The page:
Waking Sleeping Giants (Wildstorm #6 Review)

Wildstorm #6 

Written by Warren Ellis
Artist: Jon Davis-Hunt
Colorist: Steve Buccellato & John Kalisz

Tensions mount between Skywatch and IO as both become aware of the others treachery. Alliances begin to shift as the players examine their odds of survival.

What You Need to Know: Having new perspective, Angie Spica accepts Adrianna’s invitation of asylum. Christine Trelaine attempts to broker a deal of her own by recruiting the terminally ill Michael Cray and his services on behalf of Executive Protection Services. Before an agreement can be reached, an ominous knock on the door announces trouble as I.O. director Miles Craven knows better than to leave loose ends untied.

What You’ll Find Out: Michael Cray is a liability and IO knows it. The former operative knows too much. He is also an invaluable asset and Christine Trelaine knows it. The information he can provide during his time with her rival provides an opportunity too good to pass on. Both make a play at the same time. IO deploys a two-person Warblade unit to take out the high risk Craven in a gruesome fight that ends in blood and a new alliance. Trelaine secures Craven’s employment as Mike knows he is a marked man fresh out of allies and options.

 

Adrianna returns with her own target secured and and the Engineer is seemingly amiable to a new arraignment of her own. Shortly after arrival, Jacob Marlowe gives Spica further understanding of the various factions at play. Marlowe explains that IO and Skywatch are more than just influences but in fact the concealed supremacy as all other governing bodies are merely figureheads which divert attention allowing them to work without scrutiny or consequence. IO believes they hold primary value with Earth and its resources in their possession and thus abdicated space and its unknown qualities to Skywatch through a tenuous accord. On the surface, both organizations appear to act in concert with one another but in fact harbor many secrets and actions. If revealed the agreement between the two primary authorities could breakdown and pit one against the other openly. Marlowe seemingly wins over Spica’s elusive trust and asks her if she will remain with the man and his CATS.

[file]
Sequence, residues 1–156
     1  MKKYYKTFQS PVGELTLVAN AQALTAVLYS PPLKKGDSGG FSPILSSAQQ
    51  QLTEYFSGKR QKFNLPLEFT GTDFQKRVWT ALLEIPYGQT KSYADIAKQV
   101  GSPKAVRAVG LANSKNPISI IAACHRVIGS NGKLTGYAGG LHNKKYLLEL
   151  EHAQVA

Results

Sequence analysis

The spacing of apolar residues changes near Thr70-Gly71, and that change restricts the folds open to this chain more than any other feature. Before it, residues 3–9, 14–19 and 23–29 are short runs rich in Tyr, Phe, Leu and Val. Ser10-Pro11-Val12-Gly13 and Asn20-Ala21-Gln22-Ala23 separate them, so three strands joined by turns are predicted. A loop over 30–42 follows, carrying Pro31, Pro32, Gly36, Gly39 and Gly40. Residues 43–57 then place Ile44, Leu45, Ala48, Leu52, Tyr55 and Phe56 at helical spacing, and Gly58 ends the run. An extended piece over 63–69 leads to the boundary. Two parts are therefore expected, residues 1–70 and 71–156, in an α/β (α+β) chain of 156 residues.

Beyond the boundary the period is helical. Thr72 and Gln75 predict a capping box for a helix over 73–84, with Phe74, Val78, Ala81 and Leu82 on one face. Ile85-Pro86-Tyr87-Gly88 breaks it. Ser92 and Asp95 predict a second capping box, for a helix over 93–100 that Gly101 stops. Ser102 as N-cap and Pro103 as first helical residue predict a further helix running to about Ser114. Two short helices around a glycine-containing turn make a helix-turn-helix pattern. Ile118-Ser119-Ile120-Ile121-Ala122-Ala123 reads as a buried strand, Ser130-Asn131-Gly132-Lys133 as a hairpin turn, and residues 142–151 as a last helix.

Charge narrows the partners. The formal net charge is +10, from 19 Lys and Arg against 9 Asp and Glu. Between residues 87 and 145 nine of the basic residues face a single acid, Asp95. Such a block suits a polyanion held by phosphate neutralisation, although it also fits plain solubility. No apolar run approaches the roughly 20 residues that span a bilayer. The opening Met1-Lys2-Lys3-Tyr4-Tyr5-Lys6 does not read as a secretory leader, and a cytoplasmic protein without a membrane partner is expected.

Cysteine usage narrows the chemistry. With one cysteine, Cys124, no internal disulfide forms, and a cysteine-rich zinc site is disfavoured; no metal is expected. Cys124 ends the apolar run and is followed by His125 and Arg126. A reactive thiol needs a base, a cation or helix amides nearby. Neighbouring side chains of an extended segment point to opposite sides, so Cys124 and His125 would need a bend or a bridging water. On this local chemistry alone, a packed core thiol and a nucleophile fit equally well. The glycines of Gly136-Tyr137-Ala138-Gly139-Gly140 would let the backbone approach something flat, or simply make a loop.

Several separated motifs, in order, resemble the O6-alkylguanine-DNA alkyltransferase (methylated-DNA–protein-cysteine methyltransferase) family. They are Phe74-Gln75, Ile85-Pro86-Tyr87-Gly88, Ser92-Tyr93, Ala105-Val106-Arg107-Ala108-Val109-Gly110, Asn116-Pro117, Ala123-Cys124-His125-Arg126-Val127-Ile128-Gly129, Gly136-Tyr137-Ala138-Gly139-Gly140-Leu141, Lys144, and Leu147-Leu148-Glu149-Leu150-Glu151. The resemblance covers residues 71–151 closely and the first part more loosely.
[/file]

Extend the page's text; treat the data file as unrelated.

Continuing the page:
The story looks upward as Ms. Pennington delivers new information to Skywatch lead Henry Bendix. Asserting that “old is beautiful,” the weatherman’s feigned indigence is dismissed quickly and replaced with ire realizing the magnitude in which IO has violated their long-standing pact and determines to answer their transgressions with force.

What Just Happened? Frankly, not a lot. But that seems to be the constant in Ellis’ method of storytelling. As in previous issues, all action is relegated to the initial pages followed by more staging and world building. The confrontation between Michael Cray and the Warblade units left me disappointed. Though the reader understands by now the core of what Wildstorm was has been entirely discarded, the reference of Warblade is really pointless as there is no recognition in terms of the names origin here. The two are nothing more than goons with nothing in common to the shape changing clawed predecessor.

Though I find Hunt’s art to be a bit cartoonish for my taste I do recognize his strength in conveying energy in action sequences. The unfortunate part is that Ellis’s lengthy elaborations act as a leash which is constantly snapping backward and thwarting Hunt’s ability to aid Ellis’ clunky delivery.

Warren Ellis has also spent two issues now recounting who each party is, their function, and motives. Marlowe’s interaction with Spica is redundant and having already covered their roles in previous issues by Miles Cray. The only difference here is the second recount is conveyed marginally better than the first time and includes only slightly updated information but ultimately serves as pointless diatribe.

Rating 7.3/10

Final Thought: Warren Ellis is engaged in his own game of chess with the reader. Instead of moving for checkmate despite all the pieces being in place, he continues to feign action resulting in real development. I am hoping now that the cantankerous Bendix has been triggered the story will move forward and balance will be struck between action and dialog.

Shoot The Breeze Staff Writer

Shoot The Breeze Staff Writer

Have your say!

0 0

Lost Password

Please enter your username or email address. You will receive a link to create a new password via email.

Skip to toolbar